the soap, the rich lather

 

lacing his chest


            from Puerta del Sol (Bilingual Press, 2005)

 

Note: 

This essay is slated to appear in 

Latino Poetics: Essays on the Art of Poetry
(University of New Mexico Press, 2018)
Edited by Ruben Quesada

 


 

Un Cafecito con Francisco 

 

VOZ: One of the things I noticed from the get-go is that your poems end in the phrase “with Andres Montoya.” This isn’t a move we often see when writers choose to incorporate like, phrases, or even entire works (and here I’m thinking of something akin to erasure) into what they are attempting to create. Why are you incorporating Andres Montoya, both the person and their work, so actively in your own? What led you to this? 


FRANCISCO: The artistic preoccupation I’m currently immersed in is this notion of one work of art begetting another a work of art. The PINTURA:PALABRA initiative Letras Latinas spearheaded between 2013 and 2017 involved Latinx writing, poetry above all, responding to Latinx art. (a PINTURA:PALABRA anthology is in the works). These Andrés Montoya-inspired poems are another manifestation of that—a work of literary art begetting another work of literary art. The reason my two poems are designated as “with Andrés Montoya” (as opposed to, say, “after Andrés Montoya”) is because they are made up of actual lines of Andrés’ poetry. This method, then, involved curating language. In this regard, I would concur with your idea that they are “akin to erasure”.  But I’ll go a step further: I’m attached to the phrase “with Andrés Montoya” because the process of cobbling these poems together (I worked on them last June at the Community of Writers gathering at Squaw Valley) felt, meaningfully, like a collaboration. The source for my poem, “re-generation,” was Andrés’ nine-part poem “generation,” from A Jury of Trees. I selected one line, verbatim, from each of the nine sections, in succession, to construct each of the three sections of my piece. In my first draft, I came up with five sections. But I decided that only three were worth keeping. The final touch was deciding on a particular order for the poem’s three sections. In other words, I abandoned the idea of keeping them in chronological order and allowed the poem to guide their final order. “Together We’ll Be A Song” is also “with Andrés Montoya” because it takes lines from seven different poems in A Jury of Trees, and splices them with lines of my own in order to construct the poem’s narrative—one which is responding to the political climate we’re currently navigating.  Why Andrés Montoya?  Well, Letras Latinas commissioned the seven winners of the Andrés Montoya Poetry Prize to write Montoya-inspired poems for the program they will be presenting at the symposium in Fresno on April 13-14, and I decided that I would give myself the same assignment.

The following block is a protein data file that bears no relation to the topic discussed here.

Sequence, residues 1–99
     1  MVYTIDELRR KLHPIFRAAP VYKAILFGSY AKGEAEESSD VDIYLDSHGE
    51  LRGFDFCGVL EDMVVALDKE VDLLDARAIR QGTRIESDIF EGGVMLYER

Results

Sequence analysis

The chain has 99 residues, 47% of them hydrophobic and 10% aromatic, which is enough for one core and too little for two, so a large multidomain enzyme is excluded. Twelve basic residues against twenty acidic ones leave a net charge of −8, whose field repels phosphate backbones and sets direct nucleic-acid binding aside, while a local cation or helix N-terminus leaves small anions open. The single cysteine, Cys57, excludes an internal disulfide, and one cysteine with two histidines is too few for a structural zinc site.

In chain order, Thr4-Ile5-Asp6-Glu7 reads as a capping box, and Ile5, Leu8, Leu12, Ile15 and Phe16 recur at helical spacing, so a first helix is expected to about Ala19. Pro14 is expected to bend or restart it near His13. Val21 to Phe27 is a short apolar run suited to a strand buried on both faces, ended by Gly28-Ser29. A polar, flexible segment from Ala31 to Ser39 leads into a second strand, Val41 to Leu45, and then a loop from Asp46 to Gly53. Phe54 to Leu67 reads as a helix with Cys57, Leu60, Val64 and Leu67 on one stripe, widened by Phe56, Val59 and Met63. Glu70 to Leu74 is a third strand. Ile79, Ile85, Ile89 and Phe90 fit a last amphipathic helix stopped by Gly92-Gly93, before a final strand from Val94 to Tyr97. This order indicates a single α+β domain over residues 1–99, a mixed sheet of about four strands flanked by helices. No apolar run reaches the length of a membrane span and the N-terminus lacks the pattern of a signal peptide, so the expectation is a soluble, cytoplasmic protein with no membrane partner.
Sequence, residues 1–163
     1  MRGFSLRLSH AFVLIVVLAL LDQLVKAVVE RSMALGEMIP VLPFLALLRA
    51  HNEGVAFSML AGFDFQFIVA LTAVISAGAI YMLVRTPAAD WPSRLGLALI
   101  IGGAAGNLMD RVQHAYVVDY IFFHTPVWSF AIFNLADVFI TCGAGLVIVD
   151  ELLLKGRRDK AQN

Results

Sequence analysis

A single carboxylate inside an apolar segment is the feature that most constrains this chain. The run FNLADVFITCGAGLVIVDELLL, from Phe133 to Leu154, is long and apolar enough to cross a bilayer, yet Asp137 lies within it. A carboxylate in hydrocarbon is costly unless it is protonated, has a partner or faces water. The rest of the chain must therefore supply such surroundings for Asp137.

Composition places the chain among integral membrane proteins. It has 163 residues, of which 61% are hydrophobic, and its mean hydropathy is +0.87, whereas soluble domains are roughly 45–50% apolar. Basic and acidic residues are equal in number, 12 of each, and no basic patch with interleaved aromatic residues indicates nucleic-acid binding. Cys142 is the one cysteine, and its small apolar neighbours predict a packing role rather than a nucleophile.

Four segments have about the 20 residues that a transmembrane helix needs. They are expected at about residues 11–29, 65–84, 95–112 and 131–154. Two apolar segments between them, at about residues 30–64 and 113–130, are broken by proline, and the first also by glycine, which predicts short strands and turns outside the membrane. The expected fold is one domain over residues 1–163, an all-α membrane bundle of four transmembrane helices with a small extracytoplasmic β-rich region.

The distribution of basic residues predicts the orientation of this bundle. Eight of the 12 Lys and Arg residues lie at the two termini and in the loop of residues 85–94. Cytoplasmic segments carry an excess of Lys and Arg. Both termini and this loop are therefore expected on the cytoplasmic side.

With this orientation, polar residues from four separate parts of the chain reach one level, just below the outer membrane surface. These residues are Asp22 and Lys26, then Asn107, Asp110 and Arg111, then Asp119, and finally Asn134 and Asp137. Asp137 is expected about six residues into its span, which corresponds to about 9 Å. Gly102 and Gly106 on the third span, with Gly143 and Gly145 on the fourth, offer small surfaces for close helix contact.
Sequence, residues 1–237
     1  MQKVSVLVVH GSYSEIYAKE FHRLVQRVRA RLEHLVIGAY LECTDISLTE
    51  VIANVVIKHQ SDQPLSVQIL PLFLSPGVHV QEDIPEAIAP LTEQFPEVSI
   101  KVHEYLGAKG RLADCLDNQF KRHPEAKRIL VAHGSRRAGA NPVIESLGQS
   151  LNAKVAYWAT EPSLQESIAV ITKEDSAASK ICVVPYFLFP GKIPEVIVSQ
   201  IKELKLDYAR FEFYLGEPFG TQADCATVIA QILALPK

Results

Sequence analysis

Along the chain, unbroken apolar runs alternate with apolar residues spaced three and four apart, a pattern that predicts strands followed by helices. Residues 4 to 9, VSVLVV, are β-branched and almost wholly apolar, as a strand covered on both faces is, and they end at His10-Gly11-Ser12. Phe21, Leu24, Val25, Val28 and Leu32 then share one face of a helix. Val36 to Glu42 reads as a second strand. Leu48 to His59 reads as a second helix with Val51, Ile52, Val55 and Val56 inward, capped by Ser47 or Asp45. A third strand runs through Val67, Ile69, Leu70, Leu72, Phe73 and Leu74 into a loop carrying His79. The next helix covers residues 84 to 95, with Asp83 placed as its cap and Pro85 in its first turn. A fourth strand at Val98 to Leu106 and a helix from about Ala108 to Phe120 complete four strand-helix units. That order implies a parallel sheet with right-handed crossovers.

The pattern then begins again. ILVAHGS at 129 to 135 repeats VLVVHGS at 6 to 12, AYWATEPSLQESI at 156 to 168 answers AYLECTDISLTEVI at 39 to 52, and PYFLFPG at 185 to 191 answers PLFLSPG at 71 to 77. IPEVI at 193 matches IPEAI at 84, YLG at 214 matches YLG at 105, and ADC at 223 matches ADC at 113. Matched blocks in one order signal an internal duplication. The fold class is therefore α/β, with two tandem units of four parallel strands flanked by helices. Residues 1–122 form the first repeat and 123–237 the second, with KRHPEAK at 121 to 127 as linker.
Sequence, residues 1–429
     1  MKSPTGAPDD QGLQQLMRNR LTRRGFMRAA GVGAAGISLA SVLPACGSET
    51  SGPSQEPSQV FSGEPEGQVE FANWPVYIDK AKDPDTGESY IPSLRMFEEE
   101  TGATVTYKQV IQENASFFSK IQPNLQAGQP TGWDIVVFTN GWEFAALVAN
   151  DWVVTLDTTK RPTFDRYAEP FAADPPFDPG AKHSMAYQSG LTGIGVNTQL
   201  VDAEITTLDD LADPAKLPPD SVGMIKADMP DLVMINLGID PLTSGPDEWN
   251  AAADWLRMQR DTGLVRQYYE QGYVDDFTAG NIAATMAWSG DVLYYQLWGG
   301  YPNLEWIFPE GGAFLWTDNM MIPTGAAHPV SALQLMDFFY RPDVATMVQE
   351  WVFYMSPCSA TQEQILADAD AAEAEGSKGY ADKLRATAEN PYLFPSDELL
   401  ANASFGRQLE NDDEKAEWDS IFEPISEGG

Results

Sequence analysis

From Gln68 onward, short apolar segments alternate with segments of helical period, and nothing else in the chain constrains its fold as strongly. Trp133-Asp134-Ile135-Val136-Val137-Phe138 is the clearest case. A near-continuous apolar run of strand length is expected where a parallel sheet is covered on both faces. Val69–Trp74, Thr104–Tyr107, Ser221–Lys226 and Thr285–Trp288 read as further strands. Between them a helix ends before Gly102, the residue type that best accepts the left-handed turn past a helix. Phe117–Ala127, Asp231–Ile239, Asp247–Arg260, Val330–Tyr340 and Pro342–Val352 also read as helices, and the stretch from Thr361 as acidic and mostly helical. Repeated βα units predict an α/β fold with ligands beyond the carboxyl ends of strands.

VOZ: You’re very much walking the reader through one of your past poems, bringing in historical and personal context to that individual piece. In fact, I feel like you’re giving the reader a crucial role in the piecing together of this, going outside of both New Criticism and Contextual Criticism (meaning the approaches to literary criticism that were formally accepted) norms. Do you think this, the explicit inclusion of the reader in a text, could be a way to break out of the binary of literary criticism (“Contextual Criticism” and New Criticism)?